A FORMER director at Burnley Football Club during the Clarets’ glory years has died aged 92.
Richard Boothman held the Turf Moor position during the reign of chairman Bob Lord as the club enjoyed some of its greatest success.
The lifelong Clarets fan saw the team play in the FA Cup final at Wembley and travelled with the club to Naples for their famous victory in Europe in the 60s.
During his life, the war veteran was a chartered accountant with Worsley & Boothman in St James’s Row and also became president of the Junior Chamber of Commerce.
Mr Boothman moved to the town from Great Harwood aged six and attended St Peter’s Primary School and later Todmorden Road Secondary School
His aptitude for maths led his teacher to recommend him to Jack Worsley, a local accountant who took him in as his office junior at five shillings a week.
But at the outbreak of the Second World War, Mr Boothman was called up to the East Lancashire Regiment.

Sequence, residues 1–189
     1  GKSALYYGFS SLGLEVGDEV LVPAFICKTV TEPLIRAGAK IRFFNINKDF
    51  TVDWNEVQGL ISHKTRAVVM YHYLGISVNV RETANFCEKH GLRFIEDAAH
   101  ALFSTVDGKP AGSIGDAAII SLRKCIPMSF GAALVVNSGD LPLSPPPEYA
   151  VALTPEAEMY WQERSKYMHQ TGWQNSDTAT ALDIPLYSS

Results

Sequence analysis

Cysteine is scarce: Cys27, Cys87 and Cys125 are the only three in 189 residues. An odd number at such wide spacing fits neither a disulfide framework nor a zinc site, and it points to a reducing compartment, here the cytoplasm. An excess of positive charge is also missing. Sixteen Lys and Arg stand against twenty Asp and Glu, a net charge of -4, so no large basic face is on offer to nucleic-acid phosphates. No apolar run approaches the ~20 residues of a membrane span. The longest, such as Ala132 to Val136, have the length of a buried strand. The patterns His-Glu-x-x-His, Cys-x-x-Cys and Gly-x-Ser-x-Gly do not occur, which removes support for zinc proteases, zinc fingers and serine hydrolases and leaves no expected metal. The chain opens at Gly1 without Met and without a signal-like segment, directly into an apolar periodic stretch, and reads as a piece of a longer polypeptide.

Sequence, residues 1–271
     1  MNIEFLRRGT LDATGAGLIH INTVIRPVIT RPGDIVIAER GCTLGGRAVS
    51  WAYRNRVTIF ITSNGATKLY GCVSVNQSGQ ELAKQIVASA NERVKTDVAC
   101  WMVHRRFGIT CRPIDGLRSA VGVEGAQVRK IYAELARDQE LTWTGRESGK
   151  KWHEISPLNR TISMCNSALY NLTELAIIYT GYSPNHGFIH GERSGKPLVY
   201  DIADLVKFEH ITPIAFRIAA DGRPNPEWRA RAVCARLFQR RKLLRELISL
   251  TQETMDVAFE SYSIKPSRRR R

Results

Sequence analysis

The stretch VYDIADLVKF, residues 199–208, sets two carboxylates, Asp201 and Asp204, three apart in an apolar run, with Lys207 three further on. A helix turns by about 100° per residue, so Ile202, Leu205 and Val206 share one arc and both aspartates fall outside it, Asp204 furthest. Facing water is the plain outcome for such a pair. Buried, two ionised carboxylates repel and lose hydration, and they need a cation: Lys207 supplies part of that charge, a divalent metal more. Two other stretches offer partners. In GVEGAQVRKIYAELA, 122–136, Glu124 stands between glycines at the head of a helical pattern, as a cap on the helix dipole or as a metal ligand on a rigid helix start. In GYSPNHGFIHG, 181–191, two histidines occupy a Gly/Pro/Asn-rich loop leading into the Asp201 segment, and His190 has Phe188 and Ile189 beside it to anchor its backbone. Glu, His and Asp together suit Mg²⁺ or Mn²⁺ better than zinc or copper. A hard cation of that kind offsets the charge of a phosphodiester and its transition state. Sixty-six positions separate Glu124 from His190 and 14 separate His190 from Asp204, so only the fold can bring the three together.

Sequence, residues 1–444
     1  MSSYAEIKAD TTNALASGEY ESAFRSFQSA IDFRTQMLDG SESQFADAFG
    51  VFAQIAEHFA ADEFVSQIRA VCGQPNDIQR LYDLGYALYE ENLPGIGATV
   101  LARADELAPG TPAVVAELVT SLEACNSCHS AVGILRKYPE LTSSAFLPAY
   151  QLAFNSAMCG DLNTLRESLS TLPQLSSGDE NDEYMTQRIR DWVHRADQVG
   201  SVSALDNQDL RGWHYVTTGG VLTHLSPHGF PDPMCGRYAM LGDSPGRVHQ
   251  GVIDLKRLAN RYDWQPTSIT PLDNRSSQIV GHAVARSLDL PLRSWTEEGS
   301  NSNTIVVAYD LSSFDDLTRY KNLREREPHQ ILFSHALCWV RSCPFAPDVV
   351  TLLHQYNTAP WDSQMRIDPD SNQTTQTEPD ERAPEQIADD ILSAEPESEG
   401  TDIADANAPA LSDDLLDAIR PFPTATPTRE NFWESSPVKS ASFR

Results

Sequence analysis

He was blown from his bike in Holland in October 1944 suffering head and upper body injuries. He was left with a permanent loss of hearing.
Mr Worsley had kept his job open for him and he started back in April 1945. He met his wife-to-be, Una, who was a nurse during a hospital stay. They were married on September 3rd, 1949.
He qualified as a chartered accountant in November 1952 and was invited to become a partner in the practice that became Worsley and Boothman in October 1956 – and it is still there on St James’ Row today.
Mr Boothman had joined the Junior Chamber of Commerce and became their president in 1959. He was behind the making of a film produced to market the town to large employers in the UK and Europe.
He was also treasurer for the Burnley Council of Social Services which ran the Citizens Advice Bureau and served for many years assisting Simon Towneley with his development of Gawthorpe.
On retirement Mr Boothman and his wife both volunteered for duty at the Oxfam shop and helped for many years.
He moved to live with his daughter Carol in Preston, and lost his wife in 2009.
He continued to attend Burnley home games until he died, at home with Carol and her family.
He leaves three daughters and seven grandchildren. His funeral will take place on Monday.